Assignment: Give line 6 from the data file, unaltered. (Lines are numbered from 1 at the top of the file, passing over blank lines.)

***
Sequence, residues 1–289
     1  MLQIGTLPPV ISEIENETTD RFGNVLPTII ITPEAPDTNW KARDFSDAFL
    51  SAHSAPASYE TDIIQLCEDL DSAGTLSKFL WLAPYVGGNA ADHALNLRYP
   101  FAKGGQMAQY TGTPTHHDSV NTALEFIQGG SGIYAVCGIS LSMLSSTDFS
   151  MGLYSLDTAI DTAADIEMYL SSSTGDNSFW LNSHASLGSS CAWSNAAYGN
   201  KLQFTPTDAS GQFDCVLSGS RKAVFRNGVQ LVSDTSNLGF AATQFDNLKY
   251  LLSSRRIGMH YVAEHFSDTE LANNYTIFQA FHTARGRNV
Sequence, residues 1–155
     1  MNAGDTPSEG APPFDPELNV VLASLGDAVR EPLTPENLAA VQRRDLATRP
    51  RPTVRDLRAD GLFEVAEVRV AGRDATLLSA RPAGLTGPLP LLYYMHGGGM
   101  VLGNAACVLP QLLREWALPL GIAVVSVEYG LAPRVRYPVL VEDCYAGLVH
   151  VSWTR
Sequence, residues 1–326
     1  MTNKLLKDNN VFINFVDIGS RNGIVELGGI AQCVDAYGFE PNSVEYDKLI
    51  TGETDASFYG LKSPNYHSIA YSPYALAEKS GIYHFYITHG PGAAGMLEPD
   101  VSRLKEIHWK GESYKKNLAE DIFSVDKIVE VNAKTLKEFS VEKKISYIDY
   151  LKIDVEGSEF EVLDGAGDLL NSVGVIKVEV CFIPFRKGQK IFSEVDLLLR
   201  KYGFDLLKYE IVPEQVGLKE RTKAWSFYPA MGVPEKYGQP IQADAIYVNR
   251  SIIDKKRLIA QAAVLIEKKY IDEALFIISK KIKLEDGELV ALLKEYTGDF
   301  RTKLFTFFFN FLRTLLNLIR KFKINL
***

   201  KLQFTPTDAS GQFDCVLSGS RKAVFRNGVQ LVSDTSNLGF AATQFDNLKY